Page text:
The year is 1966. "California Dreamin" by the Mamas and the Papas was the Billboard number one song of the year.
After basic training and border duty, I had been drafted into the Nahal Mutznach (Airborne Nahal) battalion of the Paratroopers. Every six weeks I had leave.
We received so little leave because there always had to be a minimum of paratrooper companies on alert during the Shabbat.
My base was up north and my home, a kibbutz, was down south in the Negev.
I had no money, so I hitchhiked. This was not difficult but it took a lot of time. I usually arrived at the kibbutz late afternoon on a Friday and left late afternoon on Saturday.
I did not have a room. It was a waste giving me a room if I only turned up for one night every six weeks. I used to kip in an empty room.
If I could not find one, I put up a stretcher bed at a friend’s place.
I was often very tired, but sometimes my tiredness did not get the better of my hormones.
On one of my leaves I met a young Belgian Jewish girl, Ariella.
I cannot exactly remember why she was there. She may have just been visiting.
We started to talk earnestly and I ended up at her hut.
She had to start work early in the morning. When someone came to wake her, I hid behind a bookcase.
I got up a bit before lunchtime, took a shower and started walking down to the communal dining room. I was going to have lunch with my best friend, Zvi, who would then be finishing work.
The first people I saw on my walk were two women of my age. One was a schoolteacher for young children and the other was a member of my group (garin). They were always together.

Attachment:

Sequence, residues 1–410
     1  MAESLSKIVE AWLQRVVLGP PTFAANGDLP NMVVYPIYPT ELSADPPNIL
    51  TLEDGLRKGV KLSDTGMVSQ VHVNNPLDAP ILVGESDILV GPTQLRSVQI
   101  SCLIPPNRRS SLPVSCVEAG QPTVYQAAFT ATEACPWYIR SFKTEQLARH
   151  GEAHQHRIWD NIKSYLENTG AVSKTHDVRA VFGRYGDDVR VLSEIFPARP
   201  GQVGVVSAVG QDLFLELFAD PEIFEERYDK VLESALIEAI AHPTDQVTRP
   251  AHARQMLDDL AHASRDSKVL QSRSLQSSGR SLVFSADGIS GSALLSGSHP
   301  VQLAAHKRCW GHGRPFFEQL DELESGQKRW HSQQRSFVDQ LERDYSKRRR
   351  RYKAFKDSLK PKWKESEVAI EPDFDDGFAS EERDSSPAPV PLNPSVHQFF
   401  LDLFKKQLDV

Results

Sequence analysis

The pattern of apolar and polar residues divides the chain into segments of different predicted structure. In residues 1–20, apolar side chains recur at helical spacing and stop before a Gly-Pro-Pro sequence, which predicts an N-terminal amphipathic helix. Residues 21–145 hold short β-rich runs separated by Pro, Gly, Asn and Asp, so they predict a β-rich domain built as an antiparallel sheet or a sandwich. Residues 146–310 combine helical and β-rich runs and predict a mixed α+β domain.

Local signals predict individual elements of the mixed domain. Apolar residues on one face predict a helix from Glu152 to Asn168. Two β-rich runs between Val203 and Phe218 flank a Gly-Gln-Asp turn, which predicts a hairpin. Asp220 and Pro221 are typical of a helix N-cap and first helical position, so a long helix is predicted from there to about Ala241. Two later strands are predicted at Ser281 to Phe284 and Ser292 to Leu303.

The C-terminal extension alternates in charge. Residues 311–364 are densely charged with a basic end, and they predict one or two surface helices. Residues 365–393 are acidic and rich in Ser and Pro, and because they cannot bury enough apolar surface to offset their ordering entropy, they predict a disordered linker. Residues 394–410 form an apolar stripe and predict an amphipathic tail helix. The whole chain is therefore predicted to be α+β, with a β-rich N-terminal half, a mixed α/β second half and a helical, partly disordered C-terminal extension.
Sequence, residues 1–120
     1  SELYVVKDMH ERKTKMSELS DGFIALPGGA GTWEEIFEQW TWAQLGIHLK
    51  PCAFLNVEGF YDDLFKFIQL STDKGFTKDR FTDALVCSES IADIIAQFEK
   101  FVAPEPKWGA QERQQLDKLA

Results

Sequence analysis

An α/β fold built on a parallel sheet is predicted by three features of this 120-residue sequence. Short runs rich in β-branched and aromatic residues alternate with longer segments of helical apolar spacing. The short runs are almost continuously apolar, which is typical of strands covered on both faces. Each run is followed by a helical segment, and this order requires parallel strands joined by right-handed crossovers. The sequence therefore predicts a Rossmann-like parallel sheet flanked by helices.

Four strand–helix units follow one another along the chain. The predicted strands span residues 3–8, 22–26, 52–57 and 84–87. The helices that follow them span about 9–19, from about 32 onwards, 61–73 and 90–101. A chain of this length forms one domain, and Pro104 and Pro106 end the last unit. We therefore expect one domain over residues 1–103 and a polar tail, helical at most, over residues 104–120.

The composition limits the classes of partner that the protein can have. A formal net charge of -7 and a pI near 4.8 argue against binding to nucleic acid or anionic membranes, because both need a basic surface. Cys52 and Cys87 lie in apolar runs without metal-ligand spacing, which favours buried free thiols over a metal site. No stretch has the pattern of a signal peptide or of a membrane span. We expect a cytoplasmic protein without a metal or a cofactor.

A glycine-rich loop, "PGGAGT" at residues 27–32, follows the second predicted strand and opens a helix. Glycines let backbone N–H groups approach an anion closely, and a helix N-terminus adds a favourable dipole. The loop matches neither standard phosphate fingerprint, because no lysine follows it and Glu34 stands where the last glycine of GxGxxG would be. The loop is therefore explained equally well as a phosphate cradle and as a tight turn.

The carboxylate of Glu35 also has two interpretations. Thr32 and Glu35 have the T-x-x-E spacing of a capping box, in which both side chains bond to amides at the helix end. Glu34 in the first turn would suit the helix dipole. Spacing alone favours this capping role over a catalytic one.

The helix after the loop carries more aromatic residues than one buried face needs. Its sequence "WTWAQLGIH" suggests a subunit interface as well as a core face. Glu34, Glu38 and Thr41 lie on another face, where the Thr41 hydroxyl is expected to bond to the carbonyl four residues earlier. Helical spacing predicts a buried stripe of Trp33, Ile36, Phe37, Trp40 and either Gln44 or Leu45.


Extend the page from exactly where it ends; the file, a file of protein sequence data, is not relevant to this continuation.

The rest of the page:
They smiled at me, said hello and started giggling. That did not bother me as they were the giggling types.
I passed other people who greeted me with broad smiles. This kind of effusive welcome was a bit unusual.
Then I saw Noach and Peel from a distance. Noach was one of the Romanian Holocaust survivors who had founded the kibbutz. Peel, which is Hebrew for elephant, was his Israeli sidekick. They worked in the garage.
On a kibbutz the garage is the man cave. It is where the men go to gossip.
I had got to know them well when I was serving on a nearby border post, Kerem Shalom.
As there was not much to do on the post I could sometimes come and work on my kibbutz. My visits were too irregular for work with the sheep (I was a shepherd), so I started work in the garage.
I did not have to do much. They had a big armchair where I used to take a nap.
All they wanted from me was gossip.
My border post was mixed, men and women. They wanted to be kept up to date on all the lurid details of what was happening there; who was doing what with whom.
When they waved to me on my walk to the communal dining room, I waved back. Then they gave me the thumbs up sign. Now I knew something was going on.
For the rest of the walk I kept my head down and stared at the ground.
At the back of the building with the dining room there was a soda tap. I went there first to drink some soda.
I felt a thump on my back.
It was Zvi. He congratulated me on my new relationship. It was all over the kibbutz. Ariella was wallowing in the attention she was getting.
Nothing much happens on a kibbutz and this sort of thing was news.
I explained to him that it was only a one-night stand and I had no intention of starting a relationship with the girl. I would tell her that.
And that is where my memory fails me. I suppose I must have spoken to her about it. However, I cannot remember anything about the conversation.
Anyway, I do remember that I left that afternoon to go back to my base.
When I came home on my next leave she was not there. Nobody mentioned her name and I never saw her again.
I presume she got over me, the others did.